Kajander v. Phoenix, City of

Filing 28

ORDER DENYING Plaintiff's Motion to Strike Answer Doc.# 17 and for Entry of Default Judgment Against Defendant Doc. # 16 . Signed by Judge James A Teilborg on 2/19/10.(KMG)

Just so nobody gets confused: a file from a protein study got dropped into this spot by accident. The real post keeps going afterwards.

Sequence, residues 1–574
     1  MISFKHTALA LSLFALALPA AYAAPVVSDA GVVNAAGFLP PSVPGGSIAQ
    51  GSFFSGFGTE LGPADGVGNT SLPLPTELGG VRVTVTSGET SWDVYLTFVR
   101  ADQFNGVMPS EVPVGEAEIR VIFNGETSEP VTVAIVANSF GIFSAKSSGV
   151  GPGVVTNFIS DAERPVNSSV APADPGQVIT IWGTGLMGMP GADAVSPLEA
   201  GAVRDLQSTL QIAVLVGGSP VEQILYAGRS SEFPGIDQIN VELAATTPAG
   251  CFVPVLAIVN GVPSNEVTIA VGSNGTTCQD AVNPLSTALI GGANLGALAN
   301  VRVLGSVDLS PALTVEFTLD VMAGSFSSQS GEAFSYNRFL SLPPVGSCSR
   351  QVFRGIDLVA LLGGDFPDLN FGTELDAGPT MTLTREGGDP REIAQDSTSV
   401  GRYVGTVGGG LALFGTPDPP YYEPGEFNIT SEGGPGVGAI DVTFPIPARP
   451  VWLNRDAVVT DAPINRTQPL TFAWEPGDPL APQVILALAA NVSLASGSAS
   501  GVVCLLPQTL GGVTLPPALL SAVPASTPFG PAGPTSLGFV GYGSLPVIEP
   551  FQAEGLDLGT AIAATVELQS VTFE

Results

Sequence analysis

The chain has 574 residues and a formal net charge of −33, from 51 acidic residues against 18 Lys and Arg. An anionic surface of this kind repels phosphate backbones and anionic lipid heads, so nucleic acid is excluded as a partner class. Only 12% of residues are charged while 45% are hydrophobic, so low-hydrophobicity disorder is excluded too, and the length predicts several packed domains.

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1 2 3 4 5 6 7 8 9 10 11 12 13 14 15 16 17 18 19 20 21 22 23 24 25 26 27 28 WO IN THE UNITED STATES DISTRICT COURT FOR THE DISTRICT OF ARIZONA ) ) ) Plaintiff, ) ) vs. ) City of Phoenix, an Arizona municipal) ) corporation, ) ) Defendant. ) ) ) ) Sonja Kajander, No. CV 09-02164-PHX-JAT ORDER Plaintiff has filed a Motion to Strike Defendant's Answer (Doc. #17) and a Motion for Entry of Default Against Defendant (Doc. #16). The Court will deny the Motions. I. PROCEDURAL BACKGROUND Plaintiff filed her Complaint on October 15, 2009 (Doc. # 1). Pursuant to Fed. R. Civ. P. 12(a)(2), Defendant had 20 days to timely file its Answer. Defendant filed its Answer on December 8, 2009 (Doc. # 15), nearly three weeks after the 20 day deadline. Defendant's counsel had been retained one week prior to filing its Answer and had requested an extension from Plaintiff, but received no response (Doc. #19 at 4). Plaintiff filed her Motions on December 8, 2009, after Defendant filed its Answer. 1 2 3 4 5 6 7 8 9 10 11 12 13 14 15 16 17 18 19 20 21 22 23 24 25 26 27 28 II. LEGAL ANALYSIS 1. Fed. R. Civ. P. 55(a) Fed. R. Civ. P. 55(a) requires that a party must petition the court for an entry of default before it may be entered. Also, for the clerk to make an entry of default against a party, that party must have "failed to plead or otherwise defend." Id. Because Defendant's Answer is on file, Defendant has not failed to plead its case and does not meet the requirements for an entry of default under Fed. R. Civ. P. 55(a). 2. Fed. R. Civ. P. 55(c) Furthermore, a grant of default judgment would unnecessarily delay these proceedings and would inhibit the efficiency of the Court because default would likely be set aside later under Fed. R. Civ. P. 55(c). The Rule provides that the Court may set aside an entry of default for "good cause." Id. The Court examines three factors in deciding whether there is good cause: "whether the defendant's culpable conduct led to the default; whether the defendant has a meritorious defense; and whether reopening the default judgment would prejudice the plaintiff." TCI Group Life Ins. Plan v. Knoebber, 244 F.3d 691, 696 (9th Cir. 2001). Moreover, the Court favors settling disputes based on their merits whenever possible. Id. a. Culpable Conduct "A defendant's conduct is culpable if he has received actual or constructive notice of the filing of the action and intentionally failed to answer." Knoebber, 244 F.3d at 697 (quoting Alan Neuman Prods., Inc. v. Albright, 862 F.2d 1388, 1392 (9th Cir. 1988)). In this context, intentional conduct connotes more than a conscious choice; rather it is akin to conduct that is willful, deliberate, or done in bad faith. Id. at 697-98. "Neglectful failure to answer as to which the defendant offers a credible, good faith explanation negating any intention to take advantage of the opposing party, interfere with judicial decisionmaking, or otherwise manipulate the legal process is not `intentional' under our [Circuit's] default cases, and is therefore not necessarily . . . culpable or inexcusable." Id. (emphasis in original). "In contrast, courts have typically held that a defendant's conduct was culpable . . . where there -2- 1 2 3 4 5 6 7 8 9 10 11 12 13 14 15 16 17 18 19 20 21 22 23 24 25 26 27 28 is no explanation of the default inconsistent with a devious, deliberate, willful, or bad failure to respond." Id. at 698. In the instant case, Defendant's counsel had only been retained one week prior to the filing deadline and had requested an extension from Plaintiff, to which they received no response. Defendant acted in good faith and showed no intention of taking advantage of Plaintiff or this Court through its delay. Thus, while Defendant's conduct may have been neglectful in waiting to retain counsel so close to a filing deadline, it was not culpable. b. Meritorious Defenses "A defendant seeking to vacate a default judgment must present specific facts that would constitute a defense." Knoebber, 244 F.3d at 700. The defendant's burden in this respect "is not extraordinarily heavy." Id. Here, Defendant has stated a valid defense of res judicata that is supported by specific facts. The Court should thus have the opportunity to decide the case on its merits. c. Prejudice to Plaintiff "To be prejudicial, the setting aside of a judgment must result in greater harm than simply delaying resolution of the case." Id. at 701. Thus, the Court examines whether the delay in setting aside the judgment will hinder the plaintiff's ability to pursue the claim. Id. In this case, the Court had not yet set any deadlines when Plaintiff filed her Motions, so Defendant's tardiness in filing its Answer did not delay discovery or impede Plaintiff's ability to pursue her claim in any way. III. CONCLUSION Based on the foregoing factors and the general preference for resolving cases on their merits, the Court concludes that any default in this case would be set aside and so the Motion to Strike and Motion for Entry of Default should be denied. /// /// /// /// -3- 1 2 3 4 5 6 7 8 9 10 11 12 13 14 15 16 17 18 19 20 21 22 23 24 25 26 27 28 Accordingly, IT IS HEREBY ORDERED DENYING Plaintiff's Motion to Strike Answer (Doc. #17) and for Entry of Default Judgment Against Defendant (Doc. #16). DATED this 19th day of February, 2010. -4-

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